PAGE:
‘I should get going,’ Patrick says. I’m hardly going to argue.
I should explain. Michelle is my best friend. Has been for twenty-odd years. More even. Twenty-five. Patrick is her husband. And what just happened was a terrible mistake.
I pull my red hoody on. Zip it up. Cross my arms to form a barrier.
Patrick is adjusting his clothing too. We are both looking everywhere but at each other. To be honest I can’t get him out of the flat fast enough. He’s fumbling about with his shoes and I have to stop myself from leaning over and helping him tie his laces. Keeping my distance is probably a good idea at this point.
‘Michelle . . .’ He stops himself, but the word hangs there like a flag fluttering in the breeze.
I should explain. Michelle is my best friend. Has been for twenty-odd years. More even. Twenty-five. Patrick is her husband.
And what just happened was a terrible mistake.
For the sake of my own sanity I have decided I am going to make a Bill Clinton-esque distinction. ‘I did not have sex with that man.’ Yes, there were tongues and hands and heavy breathing involved. Clothing rearranged. Sound effects worthy of a cheap porno. OK, so I had sex with him. But, thankfully we stopped short. Came to our senses before we – technically – went all the way. It’s not much of a consolation, but at the moment it’s all I’ve got.
Pretty much the worst thing I could ever do, I think you’ll agree.
But it’s not how it sounds. Actually, if you look at the bare facts I suppose it is. Strictly speaking it happened. It’s just that it wasn’t meant to. I didn’t set out to do it and, I’m fairly certain, neither did he. There was no big seduction, no making eyes across their distressed oak kitchen table the last time I spent the evening round at theirs and Michelle turned away to pour us both another glass of wine.
I want to tell him this isn’t like me, I’m not the kind of person who would ever do what we have just done, but apparently that’s exactly who I am now. I’m that woman.
It’s not like I’ve ever even thought about it. Never had a guilty fantasy that left me unable to look Michelle in the eye the next day. Not since before they met anyway. It simply didn’t occur to me to view Patrick in that way. He was – is – my best friend’s husband, end of story. And yet here we are, at a quarter past seven on a mundane workday Tuesday evening, entwined on my cream sofa with bits of my clothing where they shouldn’t be, and I’m trying to make sense of what just occurred. But my mind is fogged by the wine I’ve drunk and the enormity of what just happened.
‘Sh*t,’ I say.
‘I know,’ Patrick mutters. Who says the art of conversation is dead?
I feel as if I should say something profound, but I can’t find the words that would be adequate for the momentousness of the occasion. I want to tell him this isn’t like me, I’m not the kind of person who would ever do what we have just done, but apparently that’s exactly who I am now. I’m that woman. So I keep quiet. Wait. Maybe he can make some sense of it.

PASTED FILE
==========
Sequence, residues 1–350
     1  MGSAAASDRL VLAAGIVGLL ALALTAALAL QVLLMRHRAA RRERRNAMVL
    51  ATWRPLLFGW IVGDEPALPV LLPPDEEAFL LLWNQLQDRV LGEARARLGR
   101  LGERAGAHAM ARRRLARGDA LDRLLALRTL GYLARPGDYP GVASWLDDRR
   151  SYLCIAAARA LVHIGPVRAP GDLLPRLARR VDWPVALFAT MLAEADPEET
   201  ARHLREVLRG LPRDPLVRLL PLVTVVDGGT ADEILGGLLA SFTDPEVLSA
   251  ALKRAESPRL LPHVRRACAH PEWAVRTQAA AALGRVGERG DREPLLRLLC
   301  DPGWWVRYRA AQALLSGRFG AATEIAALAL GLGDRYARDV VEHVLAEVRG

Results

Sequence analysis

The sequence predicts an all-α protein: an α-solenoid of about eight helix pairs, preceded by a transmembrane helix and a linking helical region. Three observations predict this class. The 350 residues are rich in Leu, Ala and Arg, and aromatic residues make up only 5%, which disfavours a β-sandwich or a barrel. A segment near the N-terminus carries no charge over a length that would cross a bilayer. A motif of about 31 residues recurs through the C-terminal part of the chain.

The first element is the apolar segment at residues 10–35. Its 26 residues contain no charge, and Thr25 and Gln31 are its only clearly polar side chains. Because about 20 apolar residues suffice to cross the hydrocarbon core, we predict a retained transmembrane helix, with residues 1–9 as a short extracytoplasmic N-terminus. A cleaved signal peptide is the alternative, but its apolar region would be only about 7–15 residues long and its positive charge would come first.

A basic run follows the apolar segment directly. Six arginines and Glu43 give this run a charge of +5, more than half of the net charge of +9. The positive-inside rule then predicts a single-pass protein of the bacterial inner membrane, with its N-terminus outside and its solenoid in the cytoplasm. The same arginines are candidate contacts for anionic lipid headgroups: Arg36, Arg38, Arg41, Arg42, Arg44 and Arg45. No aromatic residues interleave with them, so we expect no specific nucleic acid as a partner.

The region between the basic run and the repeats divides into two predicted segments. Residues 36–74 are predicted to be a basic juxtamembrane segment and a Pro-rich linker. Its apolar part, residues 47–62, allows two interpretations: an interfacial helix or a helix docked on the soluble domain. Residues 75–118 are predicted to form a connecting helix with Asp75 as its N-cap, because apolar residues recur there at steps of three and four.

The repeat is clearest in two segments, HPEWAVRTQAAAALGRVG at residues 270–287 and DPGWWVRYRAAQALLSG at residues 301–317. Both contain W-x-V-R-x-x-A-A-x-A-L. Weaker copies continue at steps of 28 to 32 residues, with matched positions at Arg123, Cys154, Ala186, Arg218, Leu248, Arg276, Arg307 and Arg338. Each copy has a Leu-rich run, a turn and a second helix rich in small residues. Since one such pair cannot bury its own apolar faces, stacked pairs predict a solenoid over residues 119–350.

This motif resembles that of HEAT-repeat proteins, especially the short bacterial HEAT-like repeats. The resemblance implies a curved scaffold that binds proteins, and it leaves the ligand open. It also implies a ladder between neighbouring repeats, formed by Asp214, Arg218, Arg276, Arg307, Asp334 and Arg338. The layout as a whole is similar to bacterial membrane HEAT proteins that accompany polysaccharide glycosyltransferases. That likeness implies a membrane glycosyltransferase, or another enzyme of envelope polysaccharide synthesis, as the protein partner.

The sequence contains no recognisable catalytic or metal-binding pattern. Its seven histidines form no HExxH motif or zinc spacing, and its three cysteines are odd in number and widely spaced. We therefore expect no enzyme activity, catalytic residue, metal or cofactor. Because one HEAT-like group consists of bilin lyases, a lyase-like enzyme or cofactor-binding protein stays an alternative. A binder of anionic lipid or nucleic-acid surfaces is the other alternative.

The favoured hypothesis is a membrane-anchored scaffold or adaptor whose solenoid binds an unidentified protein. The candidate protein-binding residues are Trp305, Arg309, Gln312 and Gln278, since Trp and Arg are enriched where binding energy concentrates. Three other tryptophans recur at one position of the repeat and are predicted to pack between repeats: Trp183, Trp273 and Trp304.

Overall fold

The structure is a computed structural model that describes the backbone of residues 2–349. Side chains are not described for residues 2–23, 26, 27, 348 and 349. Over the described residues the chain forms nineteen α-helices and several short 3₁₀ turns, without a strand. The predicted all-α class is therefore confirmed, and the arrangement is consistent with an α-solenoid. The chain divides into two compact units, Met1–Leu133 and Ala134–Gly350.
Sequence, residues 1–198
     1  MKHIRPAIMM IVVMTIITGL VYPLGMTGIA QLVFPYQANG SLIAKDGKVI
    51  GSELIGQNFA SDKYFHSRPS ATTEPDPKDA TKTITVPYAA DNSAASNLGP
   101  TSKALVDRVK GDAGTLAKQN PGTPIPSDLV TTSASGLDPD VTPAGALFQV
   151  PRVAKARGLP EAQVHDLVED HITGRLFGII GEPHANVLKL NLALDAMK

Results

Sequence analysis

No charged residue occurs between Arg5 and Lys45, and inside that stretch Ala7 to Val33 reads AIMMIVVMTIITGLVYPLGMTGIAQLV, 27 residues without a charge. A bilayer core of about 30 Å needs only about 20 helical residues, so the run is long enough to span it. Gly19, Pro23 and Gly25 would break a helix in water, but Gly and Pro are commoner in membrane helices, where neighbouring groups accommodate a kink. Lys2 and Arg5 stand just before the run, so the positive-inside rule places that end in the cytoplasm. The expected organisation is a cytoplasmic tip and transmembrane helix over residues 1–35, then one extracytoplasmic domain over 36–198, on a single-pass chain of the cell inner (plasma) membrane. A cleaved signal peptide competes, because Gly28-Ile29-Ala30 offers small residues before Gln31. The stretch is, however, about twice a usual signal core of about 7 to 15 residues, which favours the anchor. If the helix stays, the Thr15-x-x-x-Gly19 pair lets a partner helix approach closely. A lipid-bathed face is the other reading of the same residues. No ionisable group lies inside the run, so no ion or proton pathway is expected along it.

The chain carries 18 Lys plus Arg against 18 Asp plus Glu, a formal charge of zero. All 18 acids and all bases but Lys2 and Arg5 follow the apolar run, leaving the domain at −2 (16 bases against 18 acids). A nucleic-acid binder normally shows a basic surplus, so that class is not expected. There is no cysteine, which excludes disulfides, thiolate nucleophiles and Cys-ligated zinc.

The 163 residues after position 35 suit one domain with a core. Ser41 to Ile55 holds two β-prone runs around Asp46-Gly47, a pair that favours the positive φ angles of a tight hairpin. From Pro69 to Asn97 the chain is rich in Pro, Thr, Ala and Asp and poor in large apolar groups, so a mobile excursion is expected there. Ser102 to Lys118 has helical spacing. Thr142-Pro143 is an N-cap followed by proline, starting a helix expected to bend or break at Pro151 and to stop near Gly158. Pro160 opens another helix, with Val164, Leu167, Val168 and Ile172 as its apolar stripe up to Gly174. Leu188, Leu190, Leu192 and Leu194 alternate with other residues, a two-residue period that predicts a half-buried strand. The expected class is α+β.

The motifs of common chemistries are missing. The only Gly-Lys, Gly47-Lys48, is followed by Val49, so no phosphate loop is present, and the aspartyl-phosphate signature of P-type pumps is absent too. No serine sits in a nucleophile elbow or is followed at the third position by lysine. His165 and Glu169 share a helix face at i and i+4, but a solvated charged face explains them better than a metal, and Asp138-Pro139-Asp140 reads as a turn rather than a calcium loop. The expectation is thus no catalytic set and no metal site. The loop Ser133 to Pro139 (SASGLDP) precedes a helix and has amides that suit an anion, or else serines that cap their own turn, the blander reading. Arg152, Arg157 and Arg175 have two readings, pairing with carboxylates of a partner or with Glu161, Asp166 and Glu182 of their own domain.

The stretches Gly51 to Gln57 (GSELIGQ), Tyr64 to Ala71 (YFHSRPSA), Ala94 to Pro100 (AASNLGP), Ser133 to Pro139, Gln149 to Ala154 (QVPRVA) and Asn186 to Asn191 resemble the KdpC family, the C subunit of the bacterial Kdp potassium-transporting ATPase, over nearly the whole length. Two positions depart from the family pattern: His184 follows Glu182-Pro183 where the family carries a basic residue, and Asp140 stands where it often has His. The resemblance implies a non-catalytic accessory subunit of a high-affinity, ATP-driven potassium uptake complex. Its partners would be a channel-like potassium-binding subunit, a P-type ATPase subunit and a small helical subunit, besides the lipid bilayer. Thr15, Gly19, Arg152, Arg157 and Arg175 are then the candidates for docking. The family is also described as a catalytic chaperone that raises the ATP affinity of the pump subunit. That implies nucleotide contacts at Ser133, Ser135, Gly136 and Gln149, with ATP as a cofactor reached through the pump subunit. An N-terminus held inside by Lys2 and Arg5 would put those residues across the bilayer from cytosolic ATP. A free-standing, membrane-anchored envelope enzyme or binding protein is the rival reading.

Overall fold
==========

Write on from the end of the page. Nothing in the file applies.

On the scale of how meaningful things are, this rates higher than the day I set up my own production company.
Or when I first got Ron, my rescue fox terrier/Jack Russell/something-hairy cross (who I now notice is sitting in a corner of the room staring at me judgementally, his big sad eyes letting me know that I’ve let him down in a hundred more ways than even I can imagine). Or the time one of the shows my company makes got nominated for an award. OK, so it was for Best Sound Editing, which is hardly prestigious, and the awards were the Television Technical Awards, which no one has ever heard of, and in the end it didn’t even win, but still, that was a good day in the office.
Today will not go down in history as such a good day.
I feel the need to explain myself. To go back to the beginning and try to put into words how I ended up here. I know I started out with good intentions – which is the story of my life, by the way. I meant well. Michelle needed my help and I have never not been there to help her. At least I thought she needed my help. Maybe that was my first mistake. Lesson One: leave well alone. You really don’t need to interfere, to take over and try to sort out someone else’s life for them.
But that’s the way it’s always been. I’m the decisive one, the doer. Michelle is more easy-going. She’s happy for me to take charge.
I’m completely aware that my need to create order in other people’s lives is some kind of diversion from the fact that my own personal life is chaotic, to say the least.
It’s the waving handkerchief that’s meant to ensure you don’t notice the magician is palming your card. I’ve left a string of disastrous relationships in my wake. Sometimes it’s me, sometimes it’s them. Actually, technically, it’s always me because I could avoid the bad ones if I wanted to, but convincing me of the merits of that would be like trying to persuade a heroin addict that he would be better off having a nice cup of tea.
Nothing I have ever done comes close to this though.
I’ve never been a husband-stealer. Not my worst enemy’s, let alone my best friend’s.
‘You won’t tell her, will you?’ I turn back to Patrick who half raises an eyebrow at me.
‘No. Of course not,’ he says and I breathe a small sigh of relief, although I didn’t really think he was going to suggest Face Timing her right now and staging a re-enactment.
Anyway, back to my attempt to justify the unjustifiable.
Give me a chance.
At least hear me out.